The Future is Here: Fabric Circuit Boards

fabric_circuitboard1Chances are that almost every piece of electronics handled by someone today is some sort of printed circuit board (PCB). PCBs are an essential part of modern technology, but as technology improves and moves into the realm of the wearable and the flexible, their rigid and flat design is being reconsidered. In addition to looking for more flexible materials, there’s also a desire to break the 2-dimensional mold.

That’s precisely what researchers at the Hong Kong Polytechnic University were thinking of. Using a revolutionary, never-before-seen concept known as computerized knitting technology, they developed a new line of fabric circuit boards (FCBs).  To make them, lead scientists Qiao Li and Xiao Ming Tao at HKPU relied a combination of conductive fibrous metal materials and traditional fabric.

fabric_circuitboardWithin the FCB, the wires are the equivalent of the circuits on a regular board, and the fabric acts as the mounting material that keeps everything in the right orientation and insulates different circuits. The finished FCBs can contain 3D circuits that are resistant to bending, stretching, and washing. To test this, Li and Ming subjected the boards to repeated stretching and folding, and found they were functional to about 1 million cycles.

The washing test was a little less successful with six of 30 samples experiencing mild damage after 30 washes, but that’s not bad when you consider a single wash cycle would probably kill your average PCB. Oddly enough, Li and Ming also wanted to test how the fabric stood up to bullets, and placed one inside a bulletproof vest. After several shots, the fabric boards continued to work without difficulty.

wearable_computingGarments made of FCBs could also to connect devices that are mounted on different parts of the body, like small solar panels on your back or shoulders to charge your devices. The FBC garment could then route that power into a battery pack or directly to your pocket where your phone charges wirelessly. Another potential use case would be biometric sensors that are built into your clothing instead of a device like a smartwatch or fitness band.

According to the team, the basic FCB design is ready for use. The fabric samples made as part of the study are reportedly rather comfortable and the circuits should be sturdy enough to outlast the fabric component of the garment as well. However, the success of FCBs will likely come down to cost. Right now, the Samsung S Shirt costs $199 with purchase of a smartphone and requires a two-year AT&T contract. Not quite cost-effective just yet!

Augmented_Reality_Contact_lensStill, what this amounts to is the possibility a future where “wearable computing” is taken quite literally. Beyond smart watches, smart rings, smart glasses, and portable computers, there could also be the option for “smart clothes”. In short, people may very well be able to wear their computer on their person and carry it with them wherever they go. Smartphones, contacts or glasses could then be worn to sync up and act as displays.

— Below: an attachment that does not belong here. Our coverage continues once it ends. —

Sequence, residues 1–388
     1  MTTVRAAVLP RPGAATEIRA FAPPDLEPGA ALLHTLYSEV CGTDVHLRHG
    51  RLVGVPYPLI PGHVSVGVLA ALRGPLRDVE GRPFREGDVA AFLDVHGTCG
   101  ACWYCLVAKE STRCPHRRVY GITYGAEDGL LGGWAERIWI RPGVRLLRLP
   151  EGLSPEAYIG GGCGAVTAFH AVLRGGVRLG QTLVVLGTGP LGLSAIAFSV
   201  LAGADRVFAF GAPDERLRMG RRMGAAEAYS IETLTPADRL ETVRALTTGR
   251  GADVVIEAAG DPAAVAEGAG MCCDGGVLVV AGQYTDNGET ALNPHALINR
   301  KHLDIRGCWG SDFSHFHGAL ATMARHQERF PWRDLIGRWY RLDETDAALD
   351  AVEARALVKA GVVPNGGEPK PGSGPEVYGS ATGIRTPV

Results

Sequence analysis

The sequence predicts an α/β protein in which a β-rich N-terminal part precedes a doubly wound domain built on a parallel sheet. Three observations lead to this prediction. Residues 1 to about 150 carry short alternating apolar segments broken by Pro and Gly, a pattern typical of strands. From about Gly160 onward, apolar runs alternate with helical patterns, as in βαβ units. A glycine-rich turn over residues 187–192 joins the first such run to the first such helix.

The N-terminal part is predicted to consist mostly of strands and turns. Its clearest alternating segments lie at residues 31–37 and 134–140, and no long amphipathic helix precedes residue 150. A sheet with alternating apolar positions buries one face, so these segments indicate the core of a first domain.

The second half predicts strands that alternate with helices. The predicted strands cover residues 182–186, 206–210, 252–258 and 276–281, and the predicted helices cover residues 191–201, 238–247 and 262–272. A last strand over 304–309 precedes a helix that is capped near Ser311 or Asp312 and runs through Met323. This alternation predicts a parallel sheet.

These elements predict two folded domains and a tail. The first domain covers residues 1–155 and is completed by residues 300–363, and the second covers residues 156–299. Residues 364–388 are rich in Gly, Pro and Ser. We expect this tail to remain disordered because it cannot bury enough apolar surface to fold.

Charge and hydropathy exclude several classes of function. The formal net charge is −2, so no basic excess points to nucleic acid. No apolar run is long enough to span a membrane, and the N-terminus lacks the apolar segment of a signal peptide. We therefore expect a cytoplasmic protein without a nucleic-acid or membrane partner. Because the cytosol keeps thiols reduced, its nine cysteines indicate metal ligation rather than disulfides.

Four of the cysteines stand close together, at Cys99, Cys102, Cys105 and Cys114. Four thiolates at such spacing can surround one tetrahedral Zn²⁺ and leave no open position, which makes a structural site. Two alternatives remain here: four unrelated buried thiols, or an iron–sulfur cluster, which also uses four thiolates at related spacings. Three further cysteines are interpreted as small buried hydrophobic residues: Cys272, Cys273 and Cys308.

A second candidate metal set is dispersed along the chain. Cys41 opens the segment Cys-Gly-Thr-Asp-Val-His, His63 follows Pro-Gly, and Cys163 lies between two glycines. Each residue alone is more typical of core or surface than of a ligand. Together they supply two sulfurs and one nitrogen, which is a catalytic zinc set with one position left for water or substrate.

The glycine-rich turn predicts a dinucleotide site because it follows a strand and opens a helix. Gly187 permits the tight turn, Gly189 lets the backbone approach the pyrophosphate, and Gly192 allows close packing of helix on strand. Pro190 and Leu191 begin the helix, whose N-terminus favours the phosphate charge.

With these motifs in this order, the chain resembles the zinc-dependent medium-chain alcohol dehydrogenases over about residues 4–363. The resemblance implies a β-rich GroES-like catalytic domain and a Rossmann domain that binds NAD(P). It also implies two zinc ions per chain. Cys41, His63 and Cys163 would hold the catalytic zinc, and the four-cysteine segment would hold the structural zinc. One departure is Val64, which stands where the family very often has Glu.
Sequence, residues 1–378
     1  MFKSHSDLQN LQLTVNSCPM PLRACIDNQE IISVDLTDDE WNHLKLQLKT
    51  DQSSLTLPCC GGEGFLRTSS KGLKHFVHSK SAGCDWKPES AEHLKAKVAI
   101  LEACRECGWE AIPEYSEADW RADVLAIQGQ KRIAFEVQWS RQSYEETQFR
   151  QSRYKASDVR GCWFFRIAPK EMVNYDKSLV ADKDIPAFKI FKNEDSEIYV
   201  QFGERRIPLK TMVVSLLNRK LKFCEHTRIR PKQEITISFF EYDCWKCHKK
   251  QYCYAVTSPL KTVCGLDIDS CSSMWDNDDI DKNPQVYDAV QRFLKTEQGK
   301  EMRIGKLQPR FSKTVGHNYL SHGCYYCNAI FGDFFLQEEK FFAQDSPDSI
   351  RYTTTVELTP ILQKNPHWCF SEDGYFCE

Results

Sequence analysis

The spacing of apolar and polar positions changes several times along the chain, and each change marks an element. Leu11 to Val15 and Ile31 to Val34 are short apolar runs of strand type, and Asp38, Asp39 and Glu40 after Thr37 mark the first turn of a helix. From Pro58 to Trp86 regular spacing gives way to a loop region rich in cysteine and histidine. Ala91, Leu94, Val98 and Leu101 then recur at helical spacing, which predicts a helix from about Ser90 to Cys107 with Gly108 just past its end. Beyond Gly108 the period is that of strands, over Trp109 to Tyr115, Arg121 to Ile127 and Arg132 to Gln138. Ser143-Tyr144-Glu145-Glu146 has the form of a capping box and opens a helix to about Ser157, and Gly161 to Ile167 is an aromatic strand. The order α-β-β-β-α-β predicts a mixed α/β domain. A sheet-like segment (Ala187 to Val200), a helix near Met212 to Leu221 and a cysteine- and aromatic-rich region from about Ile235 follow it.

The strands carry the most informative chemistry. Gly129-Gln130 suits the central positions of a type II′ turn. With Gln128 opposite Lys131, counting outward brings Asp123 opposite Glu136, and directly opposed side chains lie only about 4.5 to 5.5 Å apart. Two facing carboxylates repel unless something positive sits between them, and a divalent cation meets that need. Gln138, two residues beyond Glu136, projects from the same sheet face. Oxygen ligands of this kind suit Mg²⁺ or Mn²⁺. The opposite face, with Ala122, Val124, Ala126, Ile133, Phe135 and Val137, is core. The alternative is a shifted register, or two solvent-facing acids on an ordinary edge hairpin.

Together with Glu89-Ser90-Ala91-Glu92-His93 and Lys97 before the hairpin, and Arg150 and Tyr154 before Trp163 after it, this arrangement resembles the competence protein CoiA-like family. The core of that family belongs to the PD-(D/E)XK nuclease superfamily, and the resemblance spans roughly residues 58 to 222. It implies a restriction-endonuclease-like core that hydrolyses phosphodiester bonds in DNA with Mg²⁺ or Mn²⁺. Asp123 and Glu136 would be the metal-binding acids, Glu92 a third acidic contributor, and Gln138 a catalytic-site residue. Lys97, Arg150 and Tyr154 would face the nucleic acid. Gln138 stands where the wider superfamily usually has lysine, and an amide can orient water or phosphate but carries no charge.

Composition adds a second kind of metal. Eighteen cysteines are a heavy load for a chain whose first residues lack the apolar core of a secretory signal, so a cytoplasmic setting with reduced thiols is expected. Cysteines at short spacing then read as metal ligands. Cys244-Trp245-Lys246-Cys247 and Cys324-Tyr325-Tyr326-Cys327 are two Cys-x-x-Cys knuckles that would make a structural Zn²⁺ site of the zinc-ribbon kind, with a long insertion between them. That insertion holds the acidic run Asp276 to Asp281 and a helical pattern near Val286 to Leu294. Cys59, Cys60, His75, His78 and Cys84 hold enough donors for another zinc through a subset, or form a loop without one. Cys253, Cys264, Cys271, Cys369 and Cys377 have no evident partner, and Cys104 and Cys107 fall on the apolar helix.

I can’t help but feel that this is all starting to sound familiar. Yep, echoes of Vinge’s Rainbow’s End right there! And in the meantime, be sure to check out this video from New Scientist that gives a first-hand look at the fabric circuit board:


Sources:
extremetech.com, ecouterre.com
, newscientist.com

Digital Eyewear Through the Ages

google_glassesGiven the sensation created by the recent release of Google Glass – a timely invention that calls to mind everything from 80’s cyberpunk to speculations about our cybernetic, transhuman future – a lot of attention has been focused lately on personalities like Steve Mann, Mark Spritzer, and the history of wearable computers.

For decades now, visionaries and futurists have been working towards a day when all personal computers are portable and blend seamlessly into our daily lives. And with countless imitators coming forward to develop their own variants and hate crimes being committed against users, it seems like portable/integrated machinery is destined to become an issue no one will be able to ignore.

And so I thought it was high time for a little retrospective, a look back at the history of eyewear computers and digital devices and see how far it has come. From its humble beginnings with bulky backpacks and large, head-mounted displays, to the current age of small fixtures that can be worn as easily as glasses, things certainly have changed. And the future is likely to get even more fascinating, weird, and a little bit scary!

Sword of Damocles (1968):
swordofdamoclesDeveloped by Ivan Sutherland and his student Bob Sprouli at the University of Utah in 1968, the Sword of Damocles was the world’s first heads-up mounted display. It consisted of a headband with a pair of small cathode-ray tubes attached to the end of a large instrumented mechanical arm through which head position and orientation were determined.

Hand positions were sensed via a hand-held grip suspended at the end of three fishing lines whose lengths were determined by the number of rotations sensed on each of the reels. Though crude by modern standards, this breakthrough technology would become the basis for all future innovation in the field of mobile computing, virtual reality, and digital eyewear applications.

WearComp Models (1980-84):
WearComp_1_620x465Built by Steve Mann (inventor of the EyeTap and considered to be the father of wearable computers) in 1980, the WearComp1 cobbled together many devices to create visual experiences. It included an antenna to communicate wirelessly and share video. In 1981, he designed and built a backpack-mounted wearable multimedia computer with text, graphics, and multimedia capability, as well as video capability.